This overregulation is also unnecessary as it is already illegal to sell tobacco products to anyone under the age of 18. Even the FDA’s own research proves that underage tobacco users are not smoking premium cigars. Premium cigar smokers account for just 0.7 percent of all adult tobacco users and the median age of a person’s first regular use is 24.5 years old.

So what can we do to stop this overreach?

That was the subject of a Small Business Committee field hearing I held in Ybor City this April. We heard directly from the premium cigar industry and the U.S. Small Business Administration’s Office of Advocacy, which makes sure federal regulations do not unnecessarily hurt small businesses. The Office of Advocacy wrote to the FDA expressing concern about the rule’s economic impact on the premium cigar industry, but the FDA ignored these concerns.

If the FDA fails to recognize that the practical effect of its rule will put America’s premium cigar industry out of business, Congress must act to save this iconic industry. That’s why I introduced the bipartisan, bicameral Traditional Cigar Manufacturing and Small Business Jobs Preservation Act of 2019, which would exempt the premium cigar industry from the FDA’s misguided rule.

Read the rest.

CigarCon Is On

At the Premium Cigar Association (PCA) Trade Show last week (formerly known as the International Premium Cigar & Pipe Retailers Association, or IPCPR) the widely anticipated CigarCon was formally announced. The event will, for the first time, officially open the convention to the average cigar consumer.

The move is being billed as a way to raise more money to fund the lobbying that PCA and CRA do to protect premium cigars from government regulations: “Rocky Patel was brought on stage to sell the event and explained that the legal bills as part of FDA regulations for ‘this year’ have totaled $3.6 million, a burden largely shouldered by the IPCPR and a group of manufacturers that are part of Cigar Rights America (CRA).”

Needless to say it raises a ton of questions, including: How much money can the event really raise for PCA? Will manufacturers be expected to provide cigars to attendees? Will attendees be willing to pay big bucks if they don’t get free samples from manufacturers? Do large retailers (and others like Cigar Aficionado, which puts on the Big Smoke event each year) see this event as competition for their own multi-cigarmaker events?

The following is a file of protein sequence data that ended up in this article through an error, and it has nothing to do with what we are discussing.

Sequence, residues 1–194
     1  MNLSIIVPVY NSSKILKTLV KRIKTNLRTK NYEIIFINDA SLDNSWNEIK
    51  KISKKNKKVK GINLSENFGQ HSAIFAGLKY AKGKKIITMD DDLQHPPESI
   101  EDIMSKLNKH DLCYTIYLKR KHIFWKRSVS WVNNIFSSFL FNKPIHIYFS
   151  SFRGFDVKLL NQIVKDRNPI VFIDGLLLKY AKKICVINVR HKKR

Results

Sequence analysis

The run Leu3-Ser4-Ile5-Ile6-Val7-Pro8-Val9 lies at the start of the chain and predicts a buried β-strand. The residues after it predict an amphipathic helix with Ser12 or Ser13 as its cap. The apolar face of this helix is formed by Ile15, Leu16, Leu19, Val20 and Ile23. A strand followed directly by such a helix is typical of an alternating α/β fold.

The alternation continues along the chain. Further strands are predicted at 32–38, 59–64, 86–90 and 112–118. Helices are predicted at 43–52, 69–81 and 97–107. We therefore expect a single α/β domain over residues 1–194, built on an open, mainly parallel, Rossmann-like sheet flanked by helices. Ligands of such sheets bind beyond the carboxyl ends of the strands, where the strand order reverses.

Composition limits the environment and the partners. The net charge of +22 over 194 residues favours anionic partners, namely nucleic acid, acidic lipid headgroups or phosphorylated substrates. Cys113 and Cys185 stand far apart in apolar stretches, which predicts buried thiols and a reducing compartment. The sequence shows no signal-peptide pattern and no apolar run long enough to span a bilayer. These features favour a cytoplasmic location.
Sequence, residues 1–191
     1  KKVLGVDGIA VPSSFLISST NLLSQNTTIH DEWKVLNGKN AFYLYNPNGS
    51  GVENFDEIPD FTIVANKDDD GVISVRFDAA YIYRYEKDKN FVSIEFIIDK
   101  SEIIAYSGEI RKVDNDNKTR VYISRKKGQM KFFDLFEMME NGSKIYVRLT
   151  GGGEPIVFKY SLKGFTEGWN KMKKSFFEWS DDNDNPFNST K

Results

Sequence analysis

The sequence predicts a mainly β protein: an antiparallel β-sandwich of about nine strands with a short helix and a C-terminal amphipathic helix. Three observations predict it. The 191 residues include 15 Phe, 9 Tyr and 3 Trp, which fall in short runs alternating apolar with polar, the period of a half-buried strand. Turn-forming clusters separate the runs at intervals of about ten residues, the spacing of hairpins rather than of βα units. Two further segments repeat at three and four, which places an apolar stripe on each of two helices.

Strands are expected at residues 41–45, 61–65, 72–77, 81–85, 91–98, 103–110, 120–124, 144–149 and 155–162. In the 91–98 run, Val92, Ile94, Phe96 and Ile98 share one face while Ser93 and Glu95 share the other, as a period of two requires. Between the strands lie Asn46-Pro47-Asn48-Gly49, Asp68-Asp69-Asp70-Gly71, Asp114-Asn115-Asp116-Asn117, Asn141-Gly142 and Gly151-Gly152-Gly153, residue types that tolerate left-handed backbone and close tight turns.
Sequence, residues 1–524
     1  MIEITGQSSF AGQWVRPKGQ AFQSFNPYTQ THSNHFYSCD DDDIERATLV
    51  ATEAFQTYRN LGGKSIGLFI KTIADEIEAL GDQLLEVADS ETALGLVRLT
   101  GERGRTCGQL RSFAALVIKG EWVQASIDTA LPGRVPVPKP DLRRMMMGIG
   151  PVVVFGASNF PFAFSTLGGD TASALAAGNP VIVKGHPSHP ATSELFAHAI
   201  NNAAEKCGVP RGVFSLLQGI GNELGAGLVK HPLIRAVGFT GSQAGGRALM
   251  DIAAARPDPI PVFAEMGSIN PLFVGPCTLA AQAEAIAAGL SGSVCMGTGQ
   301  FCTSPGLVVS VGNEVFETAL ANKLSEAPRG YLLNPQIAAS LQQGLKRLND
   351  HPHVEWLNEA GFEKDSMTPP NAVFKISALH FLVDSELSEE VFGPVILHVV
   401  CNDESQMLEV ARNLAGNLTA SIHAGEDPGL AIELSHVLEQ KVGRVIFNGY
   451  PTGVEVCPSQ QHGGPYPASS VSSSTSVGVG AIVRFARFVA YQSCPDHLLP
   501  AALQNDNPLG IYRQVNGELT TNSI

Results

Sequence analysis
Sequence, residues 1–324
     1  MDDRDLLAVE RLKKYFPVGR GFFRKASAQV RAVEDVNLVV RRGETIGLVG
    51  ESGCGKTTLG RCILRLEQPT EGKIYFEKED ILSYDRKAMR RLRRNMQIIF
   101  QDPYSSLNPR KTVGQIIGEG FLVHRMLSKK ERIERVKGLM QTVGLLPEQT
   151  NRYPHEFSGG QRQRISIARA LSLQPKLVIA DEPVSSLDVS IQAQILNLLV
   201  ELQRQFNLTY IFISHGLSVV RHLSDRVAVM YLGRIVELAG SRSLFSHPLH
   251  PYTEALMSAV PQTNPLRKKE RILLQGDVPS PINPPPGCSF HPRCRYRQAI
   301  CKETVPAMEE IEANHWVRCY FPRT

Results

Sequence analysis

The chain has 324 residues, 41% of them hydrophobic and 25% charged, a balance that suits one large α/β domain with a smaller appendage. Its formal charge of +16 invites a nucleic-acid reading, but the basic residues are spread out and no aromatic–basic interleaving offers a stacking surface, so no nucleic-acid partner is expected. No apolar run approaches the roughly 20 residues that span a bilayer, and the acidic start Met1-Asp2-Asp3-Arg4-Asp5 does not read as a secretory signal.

A Negroni Upgrade

One of my go-to cocktails for years (and one of the few I make with any regularity at home) is the Negroni. The drink warrants its own New York Times trend piece, so apparently I’m not alone. The classic Negroni is equal parts gin, Campari, and sweet vermouth. What I’ve especially come to appreciate recently, however, is how those ingredients can be tweaked slightly with outstanding results.

Vermouth matters (my preference is Dolin, especially for the price, though you can never go wrong with Carpano Antica). You can also substitute Campari for another bitter (Luxardo Bitter Bianco and Aperol are each outstanding in completely different ways). Finally, don’t get locked into gin as the base liquor. I’m a big fan of swapping it our for rum, in what has been called the “Kingston Negroni.” Currently, my favorite Negroni is funky Smith and Cross Jamaican rum, Luxardo Bitter Bianco, and Dolin vermouth. But I’m always experimenting.

Patrick S

photo credit: Stogie Guys


Quick Smoke: Plasencia 146 Cosecha La Vega

7 Jul 2019

A couple times each week we’ll post a Quick Smoke: not quite a full review, just our brief verdict on a single cigar of “buy,” “hold,” or “sell.”

It’s almost a surprise it took the Plasencia family this long to start making cigars under their own name (though the 2012 Don Sixto was named after the family patriarch). The Plasencias have been making excellent cigars for other brands for many years now. Cosecha features a flawless medium-brown Honduran wrapper, Nicaraguan binder, and filler from both countries. The well-constructed robusto gordo (5.25 x 52) is medium-bodied with spice cake flavors of brown sugar, cinnamon, clove, and oak.

Verdict = Buy.

Patrick S

photo credit: Stogie Guys

Cigar Spirits: Rabbit Hole PX Sherry Cask Finished Straight Bourbon Whiskey

3 Jul 2019

Cigars and bourbon are an excellent pairing, so collaborations between cigar makers and bourbon distillers are only natural. The A.J. Fernandez-made Diesel Whiskey Row did just that last year, aging binder tobaccos in used bourbon barrels that formerly held Rabbit Hole bourbon.